All that being said, the Clean Power Plan is dead. Regardless of whether the Trump EPA waits for the D.C. Circuit decision, the easiest thing for it to do is first amend the rule to provide that, once the judicial stay of the CPP is lifted, the states will have an extended period (say, 5-7 years) to submit their implementation plans, which effectively kills the CPP. The timing of the steps in a regulatory process is as close to an unreviewable agency action as there is, and no court would overturn it. Even assuming that the D.C. Circuit then upholds the Rule, EPA could then withdraw the CPP for reconsideration, and thereafter issue a new rule based only on modest inside-the-fence actions. Environmental NGOs and the states supporting the CPP would challenge this, but since there is a legitimate legal argument that EPA’s authority ends at the fence-line (and with 27 states supporting this new interpretation) the D.C. Circuit would, in our view, likely defer to EPA’s new reading. EPA could also decide that it was barred from regulating CO2 emissions from power plants because of the “Section 112 argument”, but that would lead to the revival of the tort cases seeking to hold the power companies liable for climate change damages.
It is worth noting that the fact that there is a legitimate argument for why EPA can’t regulate beyond the fence-line is what distinguishes this CPP scenario from, say, any attempt to reverse the endangerment finding, which would be doomed to failure given that such a reversal must explain how its new analysis is correct. In fact, environmental NGOs might secretly welcome such an attempt. Not only would EPA resources that might otherwise be devoted to wrecking more vulnerable programs be engaged in a pointless exercise, but this would be a tremendous organizing, fundraising, and media opportunity for the green lobby.
Regardless, getting rid of the CPP is not going to have much of an effect on steadily-declining power sector emissions. As EPA has indicated, the CPP would have little real impact on emission paths in the early years, as low gas prices and state renewable mandates have done most of the work already. There is no sign either will change soon and technology (e.g. LED streetlights) is driving electricity demand reductions in ways that will probably continue.
In addition, the most important renewable tax breaks have been extended through 2020 and 2021, i.e. beyond the first Trump term. We do not think it is likely that Congress would have any appetite for repealing those, as they were the result of a bipartisan deal and there are actually strong renewables supporters (think Chuck Grassley) on the Republican side of the aisle. Even so, environmentalists should not mourn the loss of these or other “green” subsidies, if indeed Congress gets round to doing it, since they are for the most part ineffective and wasteful.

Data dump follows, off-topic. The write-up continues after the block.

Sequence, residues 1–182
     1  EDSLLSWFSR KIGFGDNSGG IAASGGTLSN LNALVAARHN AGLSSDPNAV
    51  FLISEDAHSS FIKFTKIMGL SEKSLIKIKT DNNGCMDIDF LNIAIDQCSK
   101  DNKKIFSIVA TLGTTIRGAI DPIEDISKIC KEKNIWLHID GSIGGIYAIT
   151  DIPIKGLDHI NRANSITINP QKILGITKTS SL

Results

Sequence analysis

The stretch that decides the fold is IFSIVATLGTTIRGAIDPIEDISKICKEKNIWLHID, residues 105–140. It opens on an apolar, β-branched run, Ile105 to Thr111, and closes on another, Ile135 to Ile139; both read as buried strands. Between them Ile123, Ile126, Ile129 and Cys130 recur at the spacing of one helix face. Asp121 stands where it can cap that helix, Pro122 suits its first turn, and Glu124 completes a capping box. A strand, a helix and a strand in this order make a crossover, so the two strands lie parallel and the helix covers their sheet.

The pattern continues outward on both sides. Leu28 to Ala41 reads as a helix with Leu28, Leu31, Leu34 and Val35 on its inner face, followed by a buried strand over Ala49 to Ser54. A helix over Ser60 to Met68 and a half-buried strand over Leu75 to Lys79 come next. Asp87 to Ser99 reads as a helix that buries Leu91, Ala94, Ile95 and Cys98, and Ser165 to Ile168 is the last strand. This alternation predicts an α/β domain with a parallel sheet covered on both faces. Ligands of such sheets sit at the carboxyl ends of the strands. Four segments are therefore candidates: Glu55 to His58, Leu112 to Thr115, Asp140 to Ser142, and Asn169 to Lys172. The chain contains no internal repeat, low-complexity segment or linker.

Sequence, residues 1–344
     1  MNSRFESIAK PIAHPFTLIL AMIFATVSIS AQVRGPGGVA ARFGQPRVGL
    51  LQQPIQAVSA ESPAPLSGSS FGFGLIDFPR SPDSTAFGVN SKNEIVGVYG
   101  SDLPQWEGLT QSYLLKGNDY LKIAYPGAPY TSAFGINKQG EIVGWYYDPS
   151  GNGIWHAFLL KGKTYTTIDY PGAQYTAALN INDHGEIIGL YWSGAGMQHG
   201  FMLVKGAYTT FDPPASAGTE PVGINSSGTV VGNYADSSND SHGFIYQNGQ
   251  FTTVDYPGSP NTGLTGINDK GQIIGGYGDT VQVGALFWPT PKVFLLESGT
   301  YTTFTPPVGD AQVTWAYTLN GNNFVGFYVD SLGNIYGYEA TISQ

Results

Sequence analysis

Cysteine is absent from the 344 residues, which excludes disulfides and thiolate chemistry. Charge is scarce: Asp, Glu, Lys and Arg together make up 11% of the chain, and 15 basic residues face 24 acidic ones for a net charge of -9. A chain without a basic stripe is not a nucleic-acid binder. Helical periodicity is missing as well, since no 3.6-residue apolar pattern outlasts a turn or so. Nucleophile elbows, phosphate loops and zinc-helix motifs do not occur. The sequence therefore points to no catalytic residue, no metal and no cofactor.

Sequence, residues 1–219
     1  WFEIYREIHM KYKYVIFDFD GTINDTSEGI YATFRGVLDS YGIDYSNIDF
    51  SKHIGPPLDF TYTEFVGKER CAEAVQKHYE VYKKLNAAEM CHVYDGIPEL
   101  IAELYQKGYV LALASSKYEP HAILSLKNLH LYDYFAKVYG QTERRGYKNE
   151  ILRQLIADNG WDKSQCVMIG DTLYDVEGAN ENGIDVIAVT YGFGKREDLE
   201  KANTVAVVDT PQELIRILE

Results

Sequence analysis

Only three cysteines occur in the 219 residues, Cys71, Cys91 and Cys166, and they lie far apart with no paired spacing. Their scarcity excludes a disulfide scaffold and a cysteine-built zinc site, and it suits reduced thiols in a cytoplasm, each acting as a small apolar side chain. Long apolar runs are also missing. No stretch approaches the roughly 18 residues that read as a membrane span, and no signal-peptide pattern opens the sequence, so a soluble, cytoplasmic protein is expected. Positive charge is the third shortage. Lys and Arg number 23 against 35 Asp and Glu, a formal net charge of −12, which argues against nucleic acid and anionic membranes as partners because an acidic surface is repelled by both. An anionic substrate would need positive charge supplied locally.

Ironically, Trump’s reputed interest in freeing-up permitting of energy infrastructure (e.g., gas pipelines and drilling on public lands, if indeed it can be achieved) may have the paradoxical effect of further reducing emissions. It could make it easier to get currently very cheap Marcellus / Utica gas into the center of the country and perhaps even increase overall natural gas output. This can have only one outcome; reduced national gas prices overall and less coal consumption.
It also seems unlikely that any rational utility or PUC, knowing the certainty of NGO / grassroots opposition and, more importantly, the likely temperament of the next administration, will risk billions of dollars to build new coal plants. Older coal plants will continue to be hamstrung by the cost of complying with non-climate pollution rules (such as the ozone air quality standards), plus the perhaps even lower price of natural gas. In other words, the actual reasons for coal’s decline are not going away, even if the “war” is over.
Which brings us, finally, to the opportunity side of the equation. Donald Trump’s more positive reputation is as a man who likes to make a deal. He’ll be looking for a way to get his infrastructure ideas and tax reform plans implemented. That requires a lot of money. There aren’t going to be many popular ways to do that. Is it too much to hope that a smart Democratic negotiator might see an opportunity to get a return for things that are already lost, like trading EPA greenhouse gas regulatory authority for a carbon tax to help fund the infrastructure build-out or tax reform?
The latter point is posited on rational acting by political figures on both sides of the aisle whose track record gives us little confidence. But assuming that Congress does not eliminate (save as part of a carbon-tax deal) EPA’s greenhouse gas authority under the Clean Air Act -which would severely hinder future Democratic Administrations, as they would need to control both houses to restore it- the ability of a Trump Administration to set back U.S. climate progress is going to be limited.